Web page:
Today (actually, depending on when you are reading this, probably yesterday or the day before) is an auspicious day in the Jewish Calendar, called Lag Baomer. The reason Lag Boamer is such an important, favorable day is that it’s the day the students of the great sage Rabbi Akiva stopped dying.

Two questions to start off: firstly, why did they die, and furthermore, why do we celebrate such a day? Isn’t it a tragedy that we should be commemorating instead of celebrating?

To understand the significance, let’s first go over a brief history of who Rabbi Akiva was. Rabbi Akiva was a man who was illiterate until he was 40 years old, until he saw water penetrate a rock, and said to himself, “If water can penetrate a rock, so to can knowledge penetrate my brain”.

Rabbi Akiva then went on to study, amassing 14,000 students who then perished. With his 4 remaining students, he wrote the entire Talmud.

Back to our question of why the students passed: the reasoning is, they didn’t treat each other resepectfully. My interpretation of this is that they were unkind to one another, which lead to a lack of faith, which lead to jealousy, which lead to anger, which ultimately lead to an untimely death.

Then why do we celebrate?!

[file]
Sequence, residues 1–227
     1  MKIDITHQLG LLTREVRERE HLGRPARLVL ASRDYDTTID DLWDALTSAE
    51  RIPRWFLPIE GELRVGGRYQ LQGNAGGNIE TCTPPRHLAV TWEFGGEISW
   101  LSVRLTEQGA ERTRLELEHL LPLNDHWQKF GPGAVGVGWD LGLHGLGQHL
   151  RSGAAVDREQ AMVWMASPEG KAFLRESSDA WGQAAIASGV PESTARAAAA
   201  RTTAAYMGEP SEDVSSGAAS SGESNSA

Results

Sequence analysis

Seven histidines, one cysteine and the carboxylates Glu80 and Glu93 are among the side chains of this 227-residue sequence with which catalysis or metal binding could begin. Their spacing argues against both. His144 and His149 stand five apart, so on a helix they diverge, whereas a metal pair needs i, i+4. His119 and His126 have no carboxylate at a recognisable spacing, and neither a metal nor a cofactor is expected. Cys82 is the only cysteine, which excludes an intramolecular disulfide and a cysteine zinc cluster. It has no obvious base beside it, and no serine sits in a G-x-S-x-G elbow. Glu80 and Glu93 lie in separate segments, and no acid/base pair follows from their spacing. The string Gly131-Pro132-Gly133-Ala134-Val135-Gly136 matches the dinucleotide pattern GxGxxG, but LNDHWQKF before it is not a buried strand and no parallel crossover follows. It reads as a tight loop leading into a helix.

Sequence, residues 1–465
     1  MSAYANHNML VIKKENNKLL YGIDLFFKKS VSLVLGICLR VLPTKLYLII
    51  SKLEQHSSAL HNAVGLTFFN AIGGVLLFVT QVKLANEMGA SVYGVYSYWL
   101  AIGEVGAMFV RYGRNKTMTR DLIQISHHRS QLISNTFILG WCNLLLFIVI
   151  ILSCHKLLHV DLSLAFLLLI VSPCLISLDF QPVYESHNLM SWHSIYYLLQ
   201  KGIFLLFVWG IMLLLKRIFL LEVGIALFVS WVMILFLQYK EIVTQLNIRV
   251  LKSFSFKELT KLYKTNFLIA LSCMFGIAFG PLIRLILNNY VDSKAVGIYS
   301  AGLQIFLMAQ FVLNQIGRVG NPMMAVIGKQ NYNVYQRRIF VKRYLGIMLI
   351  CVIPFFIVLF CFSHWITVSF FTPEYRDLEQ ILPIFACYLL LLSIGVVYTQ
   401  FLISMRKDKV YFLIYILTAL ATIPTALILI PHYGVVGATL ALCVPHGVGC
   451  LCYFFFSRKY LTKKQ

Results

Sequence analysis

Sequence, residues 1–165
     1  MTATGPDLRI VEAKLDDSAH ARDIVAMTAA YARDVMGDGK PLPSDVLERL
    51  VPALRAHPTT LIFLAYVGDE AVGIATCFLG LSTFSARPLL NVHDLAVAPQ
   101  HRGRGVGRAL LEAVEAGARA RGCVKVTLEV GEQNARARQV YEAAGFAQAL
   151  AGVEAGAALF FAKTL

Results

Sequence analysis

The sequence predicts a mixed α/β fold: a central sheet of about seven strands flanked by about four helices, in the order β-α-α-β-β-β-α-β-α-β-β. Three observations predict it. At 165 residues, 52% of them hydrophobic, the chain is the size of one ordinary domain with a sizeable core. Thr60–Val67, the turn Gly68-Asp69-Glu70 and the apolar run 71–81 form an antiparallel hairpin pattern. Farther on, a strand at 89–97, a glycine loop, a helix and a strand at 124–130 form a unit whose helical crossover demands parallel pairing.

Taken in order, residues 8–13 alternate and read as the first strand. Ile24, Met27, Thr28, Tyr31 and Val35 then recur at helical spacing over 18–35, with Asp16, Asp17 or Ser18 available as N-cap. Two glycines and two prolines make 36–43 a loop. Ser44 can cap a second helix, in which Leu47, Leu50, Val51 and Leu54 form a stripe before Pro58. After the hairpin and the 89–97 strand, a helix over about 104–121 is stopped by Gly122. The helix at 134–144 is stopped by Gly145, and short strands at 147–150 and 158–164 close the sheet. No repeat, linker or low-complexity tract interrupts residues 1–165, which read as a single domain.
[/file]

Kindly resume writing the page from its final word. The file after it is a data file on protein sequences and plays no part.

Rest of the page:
My humble belief is that we celebrate because we see the power of persistence–the power of moving forward, no matter what. A teacher once shared with me a relevant quote, “The only thing failure can’t counter is persistence”.

Rabbi Akiva began his journey at 40. At 40, most people wouldn’t have started, believing it to be too late. Next, he amassed 14,000 students, with all but 4 perishing–another great reason to give up, yet he persisted.

We celebrate the fact that no matter what, we can’t give up. We don’t have a choice as to what happens to us, yet we do have a choice in how we respond.

This week, let’s remind ourselves how many times it seemed that life would be impossible, when there was no way it would work out, and yet somehow, some way, it did. Let’s not focus on the times when it didn’t.

Accountability, Community, Unconditional Love


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